I was inspired by my first visit last week to the 1926 William Andrews Clark Memorial Library to make this week's KCRW column about L.A.'s historical tradition of concerts and recitals in private homes. The Clark, in the West Adams district but owned and run by UCLA, has performances in the drawing room where recitals were hosted by the library's creator, William Andrews Clark Jr., founder in 1919 of the L.A. Philharmonic.
The piece also mentions the Chamber Music in Historic Places series by Mount St. Mary's, Pacific Serenades (I attended a recital last year in the pool house of the old Mary Pickford mansion in Fremont Place) and the Hancock music salon at USC. Here's the link to listen at KCRW.com or read the text.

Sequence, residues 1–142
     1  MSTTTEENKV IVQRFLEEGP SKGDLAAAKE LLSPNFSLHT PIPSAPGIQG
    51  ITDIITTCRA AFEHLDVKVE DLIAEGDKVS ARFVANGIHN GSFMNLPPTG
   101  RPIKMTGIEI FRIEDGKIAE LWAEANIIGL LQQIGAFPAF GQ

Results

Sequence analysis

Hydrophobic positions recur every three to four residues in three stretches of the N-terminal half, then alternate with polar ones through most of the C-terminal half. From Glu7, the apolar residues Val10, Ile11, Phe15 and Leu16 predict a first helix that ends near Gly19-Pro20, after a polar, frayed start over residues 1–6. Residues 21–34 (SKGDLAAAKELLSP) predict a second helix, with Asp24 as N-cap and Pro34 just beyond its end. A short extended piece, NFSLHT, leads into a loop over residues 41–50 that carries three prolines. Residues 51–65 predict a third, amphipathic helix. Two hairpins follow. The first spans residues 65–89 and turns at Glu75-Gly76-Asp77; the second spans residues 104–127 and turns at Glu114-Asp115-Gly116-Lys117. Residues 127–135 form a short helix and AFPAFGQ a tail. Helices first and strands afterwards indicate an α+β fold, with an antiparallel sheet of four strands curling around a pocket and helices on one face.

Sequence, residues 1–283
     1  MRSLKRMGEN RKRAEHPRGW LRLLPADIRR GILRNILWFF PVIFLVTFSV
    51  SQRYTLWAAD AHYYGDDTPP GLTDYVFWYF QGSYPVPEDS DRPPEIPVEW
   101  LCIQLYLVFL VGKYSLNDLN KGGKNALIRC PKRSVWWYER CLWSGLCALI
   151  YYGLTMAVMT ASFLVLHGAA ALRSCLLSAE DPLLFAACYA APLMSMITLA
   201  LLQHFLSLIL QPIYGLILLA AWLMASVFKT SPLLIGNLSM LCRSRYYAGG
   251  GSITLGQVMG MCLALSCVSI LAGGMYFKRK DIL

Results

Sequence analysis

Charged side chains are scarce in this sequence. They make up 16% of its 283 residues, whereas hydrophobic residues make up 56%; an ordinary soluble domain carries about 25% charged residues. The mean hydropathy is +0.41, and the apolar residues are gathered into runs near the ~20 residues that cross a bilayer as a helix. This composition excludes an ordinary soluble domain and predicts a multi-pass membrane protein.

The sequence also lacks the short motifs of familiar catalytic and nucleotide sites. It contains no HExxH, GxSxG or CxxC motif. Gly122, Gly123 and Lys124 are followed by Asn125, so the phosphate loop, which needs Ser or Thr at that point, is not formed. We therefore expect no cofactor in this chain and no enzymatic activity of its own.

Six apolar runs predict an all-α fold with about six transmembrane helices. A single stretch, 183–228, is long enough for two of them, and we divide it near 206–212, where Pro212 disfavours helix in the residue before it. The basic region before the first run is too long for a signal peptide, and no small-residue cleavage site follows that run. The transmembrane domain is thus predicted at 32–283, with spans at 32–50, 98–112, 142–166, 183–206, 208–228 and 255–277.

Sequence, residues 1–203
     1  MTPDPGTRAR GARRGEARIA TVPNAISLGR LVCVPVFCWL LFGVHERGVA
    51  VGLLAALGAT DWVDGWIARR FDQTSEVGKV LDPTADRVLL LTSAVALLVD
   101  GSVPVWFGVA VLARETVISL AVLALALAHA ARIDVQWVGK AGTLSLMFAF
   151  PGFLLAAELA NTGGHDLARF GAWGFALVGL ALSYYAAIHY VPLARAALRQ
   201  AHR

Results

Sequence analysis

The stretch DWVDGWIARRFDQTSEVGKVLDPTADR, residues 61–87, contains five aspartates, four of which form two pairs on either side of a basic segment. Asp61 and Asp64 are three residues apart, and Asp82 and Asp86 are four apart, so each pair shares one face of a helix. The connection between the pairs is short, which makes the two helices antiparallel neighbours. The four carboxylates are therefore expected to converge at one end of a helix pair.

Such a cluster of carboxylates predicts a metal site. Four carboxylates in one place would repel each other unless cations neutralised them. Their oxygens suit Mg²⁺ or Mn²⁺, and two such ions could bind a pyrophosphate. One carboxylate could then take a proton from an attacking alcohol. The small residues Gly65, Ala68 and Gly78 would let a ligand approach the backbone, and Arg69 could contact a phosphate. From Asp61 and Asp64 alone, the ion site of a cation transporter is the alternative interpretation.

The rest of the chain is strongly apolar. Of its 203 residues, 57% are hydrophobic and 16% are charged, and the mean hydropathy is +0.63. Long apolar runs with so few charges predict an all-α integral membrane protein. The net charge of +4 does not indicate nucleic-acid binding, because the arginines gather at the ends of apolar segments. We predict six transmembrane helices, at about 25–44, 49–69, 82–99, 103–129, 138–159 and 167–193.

Clark Jr. is buried in one of the city's most recognizable tombs — the one surrounded by a lake at Hollywood Forever Cemetery. The picture at the top shows the Clark library's drawing room. More iPhone pics from the Clark below.
Drawing room where concerts are held at the Clark library.
Ceiling detail in the drawing room.
View of the east lawn from the drawing room.
Mezzanine level in the Clark library.
All photos by LA Observed except the Clark tomb, which is from Wikipedia.